In the Security Council, the Russian Federation defended its ‘special military operation’ in Ukraine as follows:

The leadership of the Luhansk and Donetsk People’s Republics have asked us to provide military support in accordance with the bilateral cooperation agreements concluded at the time as their recognition. … That decision [to launch the special military operation] was made in accordance with Article 51 of the Charter of the United Nations, the approval of the Federation Council of the Russian Federation and pursuant to the Treaty of Friendship and Mutual Assistance signed with the Donetsk and Luhansk People’s Republics (S/PV.8974, at 12.

The recognition of the two entities, and the literally instant conclusion of a collective defence treaty, along with the supposed receipt and simultaneous granting of a request for the exercise of collective self-defence, all occurred at the same moment. They are all part of the same artifice: to provide some form of legal cover for the invasion of Ukraine and the forcible change in status of parts of its territory. This ploy is as transparent as it is legally unpersuasive.

In the Kosovo Advisory Opinion, the ICJ confirmed that ‘the scope of the principle of territorial integrity is confined to the sphere of relations between States.’ [Kosovo AO, para 80]. It protects Ukraine, not its Oblasts. Similarly, ‘Article 51 of the Charter thus recognizes the existence of an inherent right of self-defence in the case of armed attack by one State against another State’ (Wall Advisory Opinion, ICJ Reports  2006, p. 136, para 139).

Russia therefore manufactured the statehood necessary to invoke self-defence based on its previous invasion of parts of the two territories.

In addition, self-defence under Article 51 of the Charter requires the ‘State concerned having been the victim of an armed attack’ [(Nicaragua Case, ICJ Reports 1986, para. 195)]. There is no evidence of any kind that Ukraine, surrounded at the material time by a Russian armoured force approaching 200,000, had mounted a suicidal armed attack against the two entities and their Russian protectors.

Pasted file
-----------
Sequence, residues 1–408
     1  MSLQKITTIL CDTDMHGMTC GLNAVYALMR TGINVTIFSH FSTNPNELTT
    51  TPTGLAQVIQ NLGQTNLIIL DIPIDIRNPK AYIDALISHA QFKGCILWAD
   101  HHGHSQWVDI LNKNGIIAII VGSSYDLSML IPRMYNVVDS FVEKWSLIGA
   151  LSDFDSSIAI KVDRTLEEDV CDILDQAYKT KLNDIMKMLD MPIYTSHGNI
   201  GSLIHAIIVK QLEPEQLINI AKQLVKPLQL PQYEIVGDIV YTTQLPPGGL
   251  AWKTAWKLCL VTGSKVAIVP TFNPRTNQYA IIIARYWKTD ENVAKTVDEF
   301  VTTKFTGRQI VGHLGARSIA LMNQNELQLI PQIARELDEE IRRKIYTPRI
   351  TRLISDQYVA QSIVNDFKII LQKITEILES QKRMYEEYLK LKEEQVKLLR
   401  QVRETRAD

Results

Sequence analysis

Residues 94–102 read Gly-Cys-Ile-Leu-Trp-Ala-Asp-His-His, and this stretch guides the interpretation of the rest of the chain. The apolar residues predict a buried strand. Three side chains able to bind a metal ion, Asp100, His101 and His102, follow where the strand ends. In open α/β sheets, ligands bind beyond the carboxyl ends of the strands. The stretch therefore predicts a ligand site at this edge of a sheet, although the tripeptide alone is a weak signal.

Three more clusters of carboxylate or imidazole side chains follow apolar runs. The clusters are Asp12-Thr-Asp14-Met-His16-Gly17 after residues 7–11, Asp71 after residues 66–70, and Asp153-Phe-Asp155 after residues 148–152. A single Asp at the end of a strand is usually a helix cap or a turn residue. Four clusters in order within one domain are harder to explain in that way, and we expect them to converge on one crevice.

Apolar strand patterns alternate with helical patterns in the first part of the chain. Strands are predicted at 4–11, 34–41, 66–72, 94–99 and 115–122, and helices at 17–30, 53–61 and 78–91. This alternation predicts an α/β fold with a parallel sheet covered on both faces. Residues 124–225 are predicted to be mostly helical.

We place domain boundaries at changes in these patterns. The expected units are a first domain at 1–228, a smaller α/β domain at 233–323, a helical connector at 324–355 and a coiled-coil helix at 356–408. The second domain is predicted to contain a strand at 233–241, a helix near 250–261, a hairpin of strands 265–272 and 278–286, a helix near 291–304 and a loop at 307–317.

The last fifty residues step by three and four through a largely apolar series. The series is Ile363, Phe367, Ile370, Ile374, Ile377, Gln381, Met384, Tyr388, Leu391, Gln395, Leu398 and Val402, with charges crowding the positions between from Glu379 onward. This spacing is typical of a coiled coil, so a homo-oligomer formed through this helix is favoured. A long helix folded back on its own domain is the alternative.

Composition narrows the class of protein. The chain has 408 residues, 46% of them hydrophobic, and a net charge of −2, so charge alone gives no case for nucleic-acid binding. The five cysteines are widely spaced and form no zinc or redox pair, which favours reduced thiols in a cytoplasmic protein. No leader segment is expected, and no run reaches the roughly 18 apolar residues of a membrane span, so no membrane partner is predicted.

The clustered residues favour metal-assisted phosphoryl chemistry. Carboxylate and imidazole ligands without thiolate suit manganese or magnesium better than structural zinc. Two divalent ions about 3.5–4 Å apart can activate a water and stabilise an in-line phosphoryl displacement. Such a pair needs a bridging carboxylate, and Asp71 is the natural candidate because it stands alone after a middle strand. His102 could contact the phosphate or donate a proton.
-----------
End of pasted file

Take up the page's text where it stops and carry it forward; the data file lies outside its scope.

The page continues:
The Russian Federation has alleged that there were at least acts of sabotage or other incidents. The US government had previously warned that ‘false flag’ incidents of this kind might be invoked by Russia to justify aggression. In any event, even if such limited incidents did occur, they would not amount to “the most grave forms of the use of force’ justifying self-defence  (Nicaragua, ICJ Reports 1986, p. 101, para. 191).

Moreover, the wholesale invasion of the territory with a force of 200,000 would hardly meet the criteria of necessity and proportionality inherent in the doctrine of self-defence (Id., para 176, Platforms, ICJ Reports 2003, p. 161, para 76).

It has however been suggested that Russian support for the armed insurgents in the two Oblasts would not necessarily have amounted to the ‘most grave forms of the use of force’—an armed attack as required by Article 51—necessary to trigger self-defence.

Similarly, it is argued that the Nicaragua test for the attribution of an armed attack to the Russian Federation may not have been fulfilled in this instance.  In cases of foreign support for an insurgent group, the Nicaragua test suggests that self-defence only applies against a supporting state that actually directs and controls the insurgents operating in another territory.

This is a confusion. The trigger of ‘armed attack’ and the Nicaragua test for attribution would determine whether Ukraine might have used force in self-defence against Russia’s support for the insurgent authorities in Luhansk and Donetsk. But that is not the issue here. Instead, the question is whether the two entities were created in consequence of the use of force by another state. As the ICJ confirmed:

… the illegality attached to the declarations of independence thus stemmed … from the fact that they were, or would have been, connected with the unlawful use of force (Kosovo AO, 2010 ICJ 403, para 81).

In other words, the appropriate question is whether a use of force, rather than an ‘armed attack’ has occurred. While it is clear that the present invasion is also an armed attack, it is also clear that the armed intervention perpetrated by Russia since 2014 at least amounts to the use of force: